The House-Senate conference on the intelligence reform bill engaged in intense negotiations yesterday but failed to reach agreement, effectively missing the deadline for the legislation to reach the president before Election Day.
Congressional aides said yesterday’s talks centered on how much power to give a national intelligence director. The creation of that post was a main recommendation of a bipartisan panel that investigated the September 11 terrorist attacks.
In addition, negotiators have not even been able to address other contentious issues, such as the immigration-related provisions in the House version of the bill, aides said yesterday.
Although the bill’s chance to become law before the nation picks its next president Tuesday dissolved with yesterday’s deadline, there was still hope an agreement might be reached between the House and Senate on a final version by the end of the week.
“It’s most unlikely that we will have a congressionally passed bill before the election, but we are now striving to reach an agreement before the election,” said Leslie Phillips, a spokeswoman for Sen. Joe Lieberman, Connecticut Democrat, who drafted the Senate version of the bill with Sen. Susan Collins, Maine Republican.
If a conference agreement is met, congressional aides said, it would set the stage for the legislation to be among the first orders of business during the lame-duck session of Congress scheduled to start Nov. 16.
Mr. Lieberman and Miss Collins continued meeting last night with House conferees, Reps. Peter Hoekstra, Michigan Republican, and Jane Harman, California Democrat.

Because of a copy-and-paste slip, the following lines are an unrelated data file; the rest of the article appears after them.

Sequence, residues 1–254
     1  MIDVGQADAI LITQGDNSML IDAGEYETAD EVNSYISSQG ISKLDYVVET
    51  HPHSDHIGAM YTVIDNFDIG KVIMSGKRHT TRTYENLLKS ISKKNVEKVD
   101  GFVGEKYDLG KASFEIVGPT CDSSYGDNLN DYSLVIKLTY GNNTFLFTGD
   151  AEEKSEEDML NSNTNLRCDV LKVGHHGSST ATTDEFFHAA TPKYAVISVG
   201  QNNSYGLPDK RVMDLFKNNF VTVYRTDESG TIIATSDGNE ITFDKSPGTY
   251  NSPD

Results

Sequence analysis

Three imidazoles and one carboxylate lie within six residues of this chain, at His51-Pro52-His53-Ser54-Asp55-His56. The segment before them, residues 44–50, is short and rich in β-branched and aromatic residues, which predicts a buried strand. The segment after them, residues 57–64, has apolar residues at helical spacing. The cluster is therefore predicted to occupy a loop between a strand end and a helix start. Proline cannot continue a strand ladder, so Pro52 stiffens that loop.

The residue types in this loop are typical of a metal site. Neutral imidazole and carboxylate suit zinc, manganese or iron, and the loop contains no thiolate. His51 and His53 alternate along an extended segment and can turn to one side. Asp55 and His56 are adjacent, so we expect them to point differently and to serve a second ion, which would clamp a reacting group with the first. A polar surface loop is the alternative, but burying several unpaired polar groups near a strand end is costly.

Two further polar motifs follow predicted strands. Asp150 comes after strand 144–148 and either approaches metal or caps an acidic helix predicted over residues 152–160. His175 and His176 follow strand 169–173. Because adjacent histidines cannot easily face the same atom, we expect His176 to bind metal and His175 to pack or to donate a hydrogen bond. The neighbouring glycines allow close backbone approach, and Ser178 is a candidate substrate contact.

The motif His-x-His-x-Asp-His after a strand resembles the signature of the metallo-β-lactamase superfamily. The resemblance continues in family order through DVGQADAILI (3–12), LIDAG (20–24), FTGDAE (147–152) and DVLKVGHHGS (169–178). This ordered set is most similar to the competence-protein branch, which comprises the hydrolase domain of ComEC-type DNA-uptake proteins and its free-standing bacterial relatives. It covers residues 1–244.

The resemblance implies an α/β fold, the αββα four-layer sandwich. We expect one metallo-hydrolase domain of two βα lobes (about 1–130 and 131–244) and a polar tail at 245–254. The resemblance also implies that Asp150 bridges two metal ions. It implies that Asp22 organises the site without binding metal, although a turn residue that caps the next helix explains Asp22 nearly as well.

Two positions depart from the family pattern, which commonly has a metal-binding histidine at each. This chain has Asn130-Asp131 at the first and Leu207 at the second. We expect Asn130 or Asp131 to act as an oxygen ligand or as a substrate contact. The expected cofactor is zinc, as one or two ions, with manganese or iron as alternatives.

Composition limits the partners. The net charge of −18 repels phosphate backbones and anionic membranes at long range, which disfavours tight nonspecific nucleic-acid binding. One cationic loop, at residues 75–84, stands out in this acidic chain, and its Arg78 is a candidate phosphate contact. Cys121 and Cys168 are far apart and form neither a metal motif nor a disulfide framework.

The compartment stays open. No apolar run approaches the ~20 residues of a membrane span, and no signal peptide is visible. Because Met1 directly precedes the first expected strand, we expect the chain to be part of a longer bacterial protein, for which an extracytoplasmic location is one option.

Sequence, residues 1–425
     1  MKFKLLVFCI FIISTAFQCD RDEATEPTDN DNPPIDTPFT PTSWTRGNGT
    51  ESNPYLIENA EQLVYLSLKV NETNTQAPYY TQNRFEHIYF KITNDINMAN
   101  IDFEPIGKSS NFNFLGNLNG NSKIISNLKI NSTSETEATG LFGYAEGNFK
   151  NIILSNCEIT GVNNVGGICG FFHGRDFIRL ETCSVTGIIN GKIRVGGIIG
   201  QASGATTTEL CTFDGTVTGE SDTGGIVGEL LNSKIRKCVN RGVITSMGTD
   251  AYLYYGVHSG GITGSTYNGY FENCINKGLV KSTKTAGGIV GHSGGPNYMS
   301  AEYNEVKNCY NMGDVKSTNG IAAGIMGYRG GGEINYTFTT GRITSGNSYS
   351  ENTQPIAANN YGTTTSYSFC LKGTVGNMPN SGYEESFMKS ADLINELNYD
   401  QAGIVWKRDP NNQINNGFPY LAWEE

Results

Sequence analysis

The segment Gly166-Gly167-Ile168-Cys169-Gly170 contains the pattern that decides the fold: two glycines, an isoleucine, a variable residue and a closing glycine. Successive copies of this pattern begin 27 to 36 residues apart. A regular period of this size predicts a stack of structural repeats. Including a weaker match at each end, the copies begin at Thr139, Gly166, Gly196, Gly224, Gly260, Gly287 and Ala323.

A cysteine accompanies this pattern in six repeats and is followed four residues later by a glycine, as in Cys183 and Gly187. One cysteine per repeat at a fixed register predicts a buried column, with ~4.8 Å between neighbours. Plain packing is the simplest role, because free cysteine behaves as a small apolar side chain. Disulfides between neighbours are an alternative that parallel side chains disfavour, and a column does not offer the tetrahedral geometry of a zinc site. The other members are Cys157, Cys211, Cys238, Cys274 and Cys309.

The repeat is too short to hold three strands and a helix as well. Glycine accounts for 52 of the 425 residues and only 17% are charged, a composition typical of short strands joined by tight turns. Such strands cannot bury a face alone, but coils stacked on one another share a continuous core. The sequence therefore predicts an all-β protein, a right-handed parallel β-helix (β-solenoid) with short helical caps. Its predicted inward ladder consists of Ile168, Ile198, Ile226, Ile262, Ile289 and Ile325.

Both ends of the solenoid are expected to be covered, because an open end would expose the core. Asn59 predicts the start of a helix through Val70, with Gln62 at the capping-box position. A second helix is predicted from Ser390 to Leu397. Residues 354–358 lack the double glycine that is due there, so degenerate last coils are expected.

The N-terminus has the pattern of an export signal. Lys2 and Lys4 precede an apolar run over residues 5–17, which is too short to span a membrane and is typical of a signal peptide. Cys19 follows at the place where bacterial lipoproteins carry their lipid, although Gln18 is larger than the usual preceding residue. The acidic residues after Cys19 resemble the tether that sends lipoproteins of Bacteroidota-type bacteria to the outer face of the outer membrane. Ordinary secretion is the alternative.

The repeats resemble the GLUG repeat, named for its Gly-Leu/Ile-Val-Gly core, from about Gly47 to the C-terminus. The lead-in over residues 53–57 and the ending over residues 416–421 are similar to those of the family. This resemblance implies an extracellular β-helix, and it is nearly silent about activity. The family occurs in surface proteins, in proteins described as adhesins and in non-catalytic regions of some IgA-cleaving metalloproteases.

At issue is whether the national intelligence director will control budgets of intelligence agencies under the Defense Department, such as the Defense Intelligence Agency, the National Security Agency and the intelligence divisions of the military’s four branches, congressional aides said.
The “big sticking point” is the national intellegent director, said John Feehery, a spokesman for House Speaker J. Dennis Hastert, Illinois Republican.
Jen Burita, a spokeswoman for Miss Collins, said that “negotiations are continuing.”
About 80 percent of the nation’s overall intelligence budget is for agencies under the Defense Department. The initial House version of the reform bill would keep control over such agencies’ budgets in the hands of the secretary of defense, but the Senate version would give the national intelligence director a significant amount of control.
The Pentagon is fighting to maintain its power over the budgets. The chairman of the Joint Chiefs of Staff, Air Force Gen. Richard B. Myers, wrote Congress last week urging “critical provisions be preserved” in the House version of the bill.
Also contributing to the impasse are several immigration-related provisions in the House version, including one to expand the government’s legal jurisdiction to deport terror suspects, and another to require asylum seekers to produce corroborating evidence that they are fleeing persecution.
Human rights and Hispanic groups aggressively oppose the asylum provision, and the White House has said it has “concerns” about it. But several key Senate Republicans support it and other immigration-related provisions in the House version.
There was frustration among House Republicans that negotiations on the provisions were held up yesterday, said Jeff Lungren, a spokesman for House Judiciary Committee Chairman F. James Sensenbrenner Jr., Wisconsin Republican, who has fought for the provisions.
“They’re all being taken off the table until the intelligence reform provisions are addressed,” Mr. Lungren said. “There’s just been a refusal by the Senate and House Democrats to come to closure.”